In the months before my mother died she occupied herself with the lives of her only sons. Spending what seemed like every waking moment asking questions about our relationships, would-be marriages and not-yet-born children. “Olusegun you will not be young and handsome forever.” She would bellow over the phone… [10mins]
It was the week before Christmas when he found out. He’d gone to the supermarket to buy exactly 3kg of chicken breast, a bottle of vinegar and breadcrumbs. Mueni would marinade the chicken in her secret family spice before grilling it in the oven for exactly two hours at one hundred degrees Celsius… [10mins]
The letter lay untouched on his desk, its creases marked by dust. It had lay there for the past 3 weeks after Sandra’s funeral. He didn’t have the nerve to move it from where she placed it, right beside his sewing machine, where she was certain he would notice it… [12mins]
Clothes, everywhere. Clothes removed with an urgency of passion that now seemed spent. Two lovers lying on a poster bed. Bed in a hotel room with its balcony door open. A sultry wind beckons at the soft curtains, raising it ever so lightly, like a practiced voyeur’s peep… [4mins]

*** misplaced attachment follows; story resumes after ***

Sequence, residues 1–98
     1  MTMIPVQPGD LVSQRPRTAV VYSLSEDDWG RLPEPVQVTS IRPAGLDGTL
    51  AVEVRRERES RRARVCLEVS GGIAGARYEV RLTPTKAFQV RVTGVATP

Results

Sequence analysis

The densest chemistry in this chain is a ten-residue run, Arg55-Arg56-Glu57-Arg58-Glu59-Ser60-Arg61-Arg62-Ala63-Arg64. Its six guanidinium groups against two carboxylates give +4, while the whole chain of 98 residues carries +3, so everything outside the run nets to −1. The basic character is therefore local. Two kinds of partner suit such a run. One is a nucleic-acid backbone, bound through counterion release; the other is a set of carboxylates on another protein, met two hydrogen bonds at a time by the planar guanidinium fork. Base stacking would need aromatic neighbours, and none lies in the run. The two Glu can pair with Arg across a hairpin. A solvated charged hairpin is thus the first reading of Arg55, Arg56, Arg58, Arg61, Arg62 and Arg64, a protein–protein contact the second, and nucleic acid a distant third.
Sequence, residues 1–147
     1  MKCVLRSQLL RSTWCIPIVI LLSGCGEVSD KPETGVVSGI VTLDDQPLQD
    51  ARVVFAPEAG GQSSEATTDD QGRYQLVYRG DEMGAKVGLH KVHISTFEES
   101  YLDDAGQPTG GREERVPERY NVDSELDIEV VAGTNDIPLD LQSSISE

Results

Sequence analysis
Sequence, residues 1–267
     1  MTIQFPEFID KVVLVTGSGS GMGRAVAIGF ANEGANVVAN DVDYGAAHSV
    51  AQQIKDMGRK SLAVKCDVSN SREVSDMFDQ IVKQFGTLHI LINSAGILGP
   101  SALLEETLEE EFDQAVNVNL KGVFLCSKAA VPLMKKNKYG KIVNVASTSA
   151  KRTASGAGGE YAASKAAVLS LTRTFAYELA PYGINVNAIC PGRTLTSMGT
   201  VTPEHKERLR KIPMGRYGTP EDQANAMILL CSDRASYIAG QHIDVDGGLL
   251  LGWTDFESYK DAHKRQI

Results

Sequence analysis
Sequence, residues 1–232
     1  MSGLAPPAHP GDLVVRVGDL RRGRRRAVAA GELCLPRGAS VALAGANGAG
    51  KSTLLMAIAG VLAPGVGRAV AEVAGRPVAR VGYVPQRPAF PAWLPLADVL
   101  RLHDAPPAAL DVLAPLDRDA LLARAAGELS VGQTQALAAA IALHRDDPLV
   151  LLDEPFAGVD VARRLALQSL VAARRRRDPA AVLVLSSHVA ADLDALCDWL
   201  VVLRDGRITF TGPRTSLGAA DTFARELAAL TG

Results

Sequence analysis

The boy came up to Niren and stood next to him at the pinball machine. He must have been around ten or eleven and was still dressed in his school uniform. Niren glanced down at him… [10mins]
My Brother, Olileanya, was born on an evening in January 1984 at Holy Mary’s Maternity in Mother’s hometown, Osumenyi where we lived. It was a Sunday afternoon, we had just finished eating rice and chicken, and Father was arguing about the new head of state General Muhammadu Buhari when Mother went into labour… [14mins]
In collaboration with Writivism.
The first time the ghost of my fraternal twin appeared to me, I was terrified – so terrified that my abrupt recoil jerked the low wooden table from which I’d been eating fufu and egusi… [8mins]